If you experience any body aches or a fever in addition to the clogged milk duct, it’s best to reach out to your healthcare provider, as it may be a sign of a breast infection called mastitis. If you’re unsure what’s causing breast pain or tenderness, go to your healthcare provider for a professional diagnosis.

How Can You Prevent Clogged Milk Ducts?

There are a few steps you can take in order to prevent clogged milk ducts. You may recognize many of the following tips from above, as these prevention strategies can also help clear a clogged milk duct:

  • Reduce any pressure on your breasts by avoiding restrictive or tight-fitting clothing like tight tops, tight bras, or underwire bras. You may even decide to not wear a bra for a while or wear a larger cup size.

  • Change your baby’s nursing position often so that he is able to drain the milk from all areas of the breast

  • Wash any dried milk off your nipple with warm water

  • Ensure your baby is properly latched (one sign of a good latch is that it’s slightly asymmetrical—your baby has more of your areola in his mouth on his lower lip than his upper lip with your nipple pointing toward the roof of his mouth).

If you’re having problems with latch, if you have reoccurring bouts of clogged milk ducts, or if you have any questions at all about breastfeeding, reach out to your healthcare provider or meet with a lactation consultant for personalized help and guidance.

Can You Squeeze a Plugged Milk Duct?

It’s not the plugged milk duct that you can squeeze, but, in fact, the nipple. If you notice that there is dried milk on your nipple or the nipple pore is clogged, you can soak the affected nipple in warm water, and then try to express milk by hand to loosen and expel the milk that’s causing the blockage.

How Do You Massage a Clogged Milk Duct?

It’s best to massage the affected breast starting from the area where you feel the lump (the area of the clogged milk duct) toward the nipple. This helps move the blockage toward the nipple so that it can be expelled. You can do this before you breastfeed your baby, during breastfeeding, or when you’re taking a bath or a shower.

Does Ibuprofen Help Clogged Milk Ducts?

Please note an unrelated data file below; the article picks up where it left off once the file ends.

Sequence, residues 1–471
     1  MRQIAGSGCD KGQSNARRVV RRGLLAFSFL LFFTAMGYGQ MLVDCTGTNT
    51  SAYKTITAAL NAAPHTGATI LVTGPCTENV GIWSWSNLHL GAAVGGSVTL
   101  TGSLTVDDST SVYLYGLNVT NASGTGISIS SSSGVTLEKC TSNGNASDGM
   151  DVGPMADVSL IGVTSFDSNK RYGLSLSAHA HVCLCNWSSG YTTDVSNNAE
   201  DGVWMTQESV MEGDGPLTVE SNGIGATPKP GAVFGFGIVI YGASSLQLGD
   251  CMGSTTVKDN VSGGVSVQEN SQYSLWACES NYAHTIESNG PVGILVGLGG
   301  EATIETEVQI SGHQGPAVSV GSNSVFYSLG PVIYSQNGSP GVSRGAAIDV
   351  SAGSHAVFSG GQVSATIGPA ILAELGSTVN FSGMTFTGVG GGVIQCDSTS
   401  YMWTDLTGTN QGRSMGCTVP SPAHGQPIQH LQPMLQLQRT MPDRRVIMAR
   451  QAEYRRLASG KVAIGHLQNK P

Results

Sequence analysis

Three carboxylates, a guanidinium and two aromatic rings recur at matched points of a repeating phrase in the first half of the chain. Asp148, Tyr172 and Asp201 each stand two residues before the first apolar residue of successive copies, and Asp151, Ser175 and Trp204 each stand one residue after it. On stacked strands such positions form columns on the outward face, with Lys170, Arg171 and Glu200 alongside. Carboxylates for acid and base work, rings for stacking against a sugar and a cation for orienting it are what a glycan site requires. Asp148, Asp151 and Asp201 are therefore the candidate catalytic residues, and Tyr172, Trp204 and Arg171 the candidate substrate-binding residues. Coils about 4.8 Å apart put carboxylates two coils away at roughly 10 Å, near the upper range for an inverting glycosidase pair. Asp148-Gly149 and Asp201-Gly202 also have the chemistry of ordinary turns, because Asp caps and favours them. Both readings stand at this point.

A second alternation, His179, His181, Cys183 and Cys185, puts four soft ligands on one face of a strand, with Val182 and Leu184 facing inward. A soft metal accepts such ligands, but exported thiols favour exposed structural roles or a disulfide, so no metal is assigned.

Yes, pain killers like ibuprofen or acetaminophen can help manage the pain associated with a clogged milk duct. Be sure to check with your healthcare provider first before taking any over-the-counter pain medicine, though, just to be on the safe side.

The Bottom Line

Clogged milk ducts can happen for many reasons, including if you’re unable to fully empty your breast when breastfeeding your little one. Luckily, there are steps you can take to prevent and/or clear a clogged milk duct. Sticking to a regular breastfeeding schedule, trying different nursing positions, and making sure your little one feeds for as long as it takes to empty your breast of milk can all help prevent and/or clear a clogged milk duct. If your baby doesn’t feed for as long as you need him to, feel free to express or pump out the excess milk. Having the pain and discomfort that comes along with a clogged milk duct isn’t easy, but sticking to a regular breastfeeding routine and paying attention to your baby’s feeding patterns and latch is key to preventing future clogged milk ducts. If you’re ever in need of help, turn to your healthcare provider or a lactation consultant for personalized breastfeeding tips and support.

How We Wrote This Article
The information in this article is based on the expert advice found in trusted medical and government sources, such as the American Academy of Pediatrics and the American College of Obstetricians and Gynecologists. You can find a full list of sources used for this article below. The content on this page should not replace professional medical advice. Always consult medical professionals for full diagnosis and treatment.